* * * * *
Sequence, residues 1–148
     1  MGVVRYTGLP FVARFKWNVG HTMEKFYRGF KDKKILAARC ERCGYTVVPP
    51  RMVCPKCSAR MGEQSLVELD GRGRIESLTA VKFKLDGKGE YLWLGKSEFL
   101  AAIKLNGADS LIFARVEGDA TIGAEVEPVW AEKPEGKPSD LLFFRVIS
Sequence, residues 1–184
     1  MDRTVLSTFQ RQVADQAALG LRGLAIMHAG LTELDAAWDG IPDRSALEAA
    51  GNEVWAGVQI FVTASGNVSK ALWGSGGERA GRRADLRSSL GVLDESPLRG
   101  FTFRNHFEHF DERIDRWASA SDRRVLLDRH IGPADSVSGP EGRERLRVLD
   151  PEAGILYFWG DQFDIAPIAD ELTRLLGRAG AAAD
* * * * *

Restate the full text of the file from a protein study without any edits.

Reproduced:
Sequence, residues 1–148
     1  MGVVRYTGLP FVARFKWNVG HTMEKFYRGF KDKKILAARC ERCGYTVVPP
    51  RMVCPKCSAR MGEQSLVELD GRGRIESLTA VKFKLDGKGE YLWLGKSEFL
   101  AAIKLNGADS LIFARVEGDA TIGAEVEPVW AEKPEGKPSD LLFFRVIS
Sequence, residues 1–184
     1  MDRTVLSTFQ RQVADQAALG LRGLAIMHAG LTELDAAWDG IPDRSALEAA
    51  GNEVWAGVQI FVTASGNVSK ALWGSGGERA GRRADLRSSL GVLDESPLRG
   101  FTFRNHFEHF DERIDRWASA SDRRVLLDRH IGPADSVSGP EGRERLRVLD
   151  PEAGILYFWG DQFDIAPIAD ELTRLLGRAG AAAD